Lord Beloff

My Lords, I wonder whether the noble Lord has not overlooked a third noun in the Motion—"diffusion". If the word "diffusion" is looked at in the same way, the Motion does not defend the present distribution of private property. The Motion advocates its diffusion.

Lord Hatch of Lusby

My Lords, I thank the noble Lord for that intervention. It is a point on to which I was going to lead my argument. I accept completely that the wording of the Motion indeed supports the basic philosophy that I hope will follow from the enunciation of the form of Socialism which is the central part of my speech. But at the moment, as the noble Lord has by implication admitted, the wealth distribution of this country allows freedom for the few and denies freedom to the many. Once you get into the situation in which an elite has freedom, inevitably that is denying the same kind of freedom to the vast majority of the citizens of this county. This is the central thrust of my examination at least, not necessarily of the noble Lord's interpretation of the Conservative philosophy, but of the conventional Conservative philosophy.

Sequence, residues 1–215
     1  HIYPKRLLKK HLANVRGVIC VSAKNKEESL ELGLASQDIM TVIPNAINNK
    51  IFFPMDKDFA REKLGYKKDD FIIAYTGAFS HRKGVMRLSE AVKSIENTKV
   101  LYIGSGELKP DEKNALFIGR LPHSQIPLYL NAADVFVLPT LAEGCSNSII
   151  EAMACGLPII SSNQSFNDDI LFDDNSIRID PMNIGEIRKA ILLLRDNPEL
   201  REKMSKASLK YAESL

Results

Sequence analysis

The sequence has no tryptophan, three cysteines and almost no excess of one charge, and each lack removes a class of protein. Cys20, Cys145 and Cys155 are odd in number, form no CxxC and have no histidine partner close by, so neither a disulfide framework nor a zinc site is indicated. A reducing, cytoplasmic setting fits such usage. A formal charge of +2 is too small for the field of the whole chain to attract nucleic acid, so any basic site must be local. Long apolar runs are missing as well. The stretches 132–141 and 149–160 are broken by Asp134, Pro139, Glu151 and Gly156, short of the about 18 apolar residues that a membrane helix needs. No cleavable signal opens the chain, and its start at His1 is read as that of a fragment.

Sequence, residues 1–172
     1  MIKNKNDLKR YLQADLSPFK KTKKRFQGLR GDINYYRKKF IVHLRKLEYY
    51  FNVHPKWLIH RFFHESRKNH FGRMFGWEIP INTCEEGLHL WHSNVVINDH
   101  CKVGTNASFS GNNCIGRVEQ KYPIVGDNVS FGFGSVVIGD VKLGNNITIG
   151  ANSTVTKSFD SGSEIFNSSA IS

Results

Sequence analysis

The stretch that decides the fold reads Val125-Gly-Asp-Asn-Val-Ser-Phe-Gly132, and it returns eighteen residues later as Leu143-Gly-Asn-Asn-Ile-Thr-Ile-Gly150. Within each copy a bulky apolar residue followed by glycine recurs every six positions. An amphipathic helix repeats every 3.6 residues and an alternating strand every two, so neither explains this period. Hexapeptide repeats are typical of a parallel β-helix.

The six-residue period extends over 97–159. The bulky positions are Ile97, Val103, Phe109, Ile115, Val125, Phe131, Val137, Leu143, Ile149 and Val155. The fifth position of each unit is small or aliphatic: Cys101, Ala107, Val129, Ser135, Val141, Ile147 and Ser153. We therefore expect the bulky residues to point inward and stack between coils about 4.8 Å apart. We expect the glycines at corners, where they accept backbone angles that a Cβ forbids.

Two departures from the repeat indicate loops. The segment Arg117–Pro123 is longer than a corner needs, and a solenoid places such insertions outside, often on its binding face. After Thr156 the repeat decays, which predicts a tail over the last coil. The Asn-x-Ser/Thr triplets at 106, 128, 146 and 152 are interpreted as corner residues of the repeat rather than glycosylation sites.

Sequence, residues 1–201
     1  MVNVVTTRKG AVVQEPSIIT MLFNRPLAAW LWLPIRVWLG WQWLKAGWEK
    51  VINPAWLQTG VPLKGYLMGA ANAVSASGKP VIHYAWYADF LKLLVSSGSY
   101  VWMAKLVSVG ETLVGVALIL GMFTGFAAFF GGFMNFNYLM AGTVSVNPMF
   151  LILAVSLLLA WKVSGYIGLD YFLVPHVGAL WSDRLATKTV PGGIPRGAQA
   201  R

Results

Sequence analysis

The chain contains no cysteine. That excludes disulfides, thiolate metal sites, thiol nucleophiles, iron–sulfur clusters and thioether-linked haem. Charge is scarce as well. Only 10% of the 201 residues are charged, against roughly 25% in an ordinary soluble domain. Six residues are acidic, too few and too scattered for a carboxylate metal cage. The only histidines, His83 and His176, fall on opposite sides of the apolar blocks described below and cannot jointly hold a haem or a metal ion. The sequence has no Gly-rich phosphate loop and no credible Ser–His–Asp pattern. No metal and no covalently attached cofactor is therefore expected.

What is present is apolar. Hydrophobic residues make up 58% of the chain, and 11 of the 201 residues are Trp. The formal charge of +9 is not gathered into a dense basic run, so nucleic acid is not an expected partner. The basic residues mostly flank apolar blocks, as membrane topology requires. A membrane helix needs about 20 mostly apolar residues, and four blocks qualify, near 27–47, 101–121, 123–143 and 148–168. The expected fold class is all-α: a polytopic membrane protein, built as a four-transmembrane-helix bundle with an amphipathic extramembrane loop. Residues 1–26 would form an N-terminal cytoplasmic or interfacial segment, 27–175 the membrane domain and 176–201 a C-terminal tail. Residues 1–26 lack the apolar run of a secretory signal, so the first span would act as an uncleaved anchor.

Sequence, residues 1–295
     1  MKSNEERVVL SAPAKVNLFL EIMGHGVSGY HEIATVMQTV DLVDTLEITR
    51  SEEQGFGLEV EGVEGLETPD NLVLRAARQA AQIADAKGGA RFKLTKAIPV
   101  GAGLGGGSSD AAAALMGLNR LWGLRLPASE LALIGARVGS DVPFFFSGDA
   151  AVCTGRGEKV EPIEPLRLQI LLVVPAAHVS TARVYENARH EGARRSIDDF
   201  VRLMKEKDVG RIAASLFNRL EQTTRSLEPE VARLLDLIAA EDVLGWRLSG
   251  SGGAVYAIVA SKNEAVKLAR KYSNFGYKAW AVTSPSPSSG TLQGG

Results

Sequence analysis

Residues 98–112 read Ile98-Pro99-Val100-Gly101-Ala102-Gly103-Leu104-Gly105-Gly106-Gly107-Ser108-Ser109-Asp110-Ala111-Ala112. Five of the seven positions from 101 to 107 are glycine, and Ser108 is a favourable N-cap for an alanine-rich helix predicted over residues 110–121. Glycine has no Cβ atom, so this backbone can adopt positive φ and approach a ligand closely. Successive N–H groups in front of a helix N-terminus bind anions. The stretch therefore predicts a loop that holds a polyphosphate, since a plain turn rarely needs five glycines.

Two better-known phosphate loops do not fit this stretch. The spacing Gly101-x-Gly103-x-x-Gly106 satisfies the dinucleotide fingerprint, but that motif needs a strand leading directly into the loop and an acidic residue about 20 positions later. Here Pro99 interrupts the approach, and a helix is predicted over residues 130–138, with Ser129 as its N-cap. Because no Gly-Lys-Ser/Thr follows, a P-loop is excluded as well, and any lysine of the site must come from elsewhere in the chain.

This Government, and indeed the Government since 1979, have made that quite clear. In my submission, they have made it perfectly clear that their conception of freedom in this country is freedom for the few, and indeed freedom for the powerful. What is happening today so far as the freedom of the citizens of Britain is concerned? We have seen the undermining of the right to vote. Is the right to vote not an essential part of individual freedom? In parenthesis, I would warn this House, and I would particularly warn those who defend the continued existence of this House as it is at present constituted, that if it supports the concept of depriving people of the right to vote, it is committing hara-kiri. The people who have gained the right to vote in battles throughout the ages will not have a non-elected Assembly telling them that that right to vote can be withdrawn.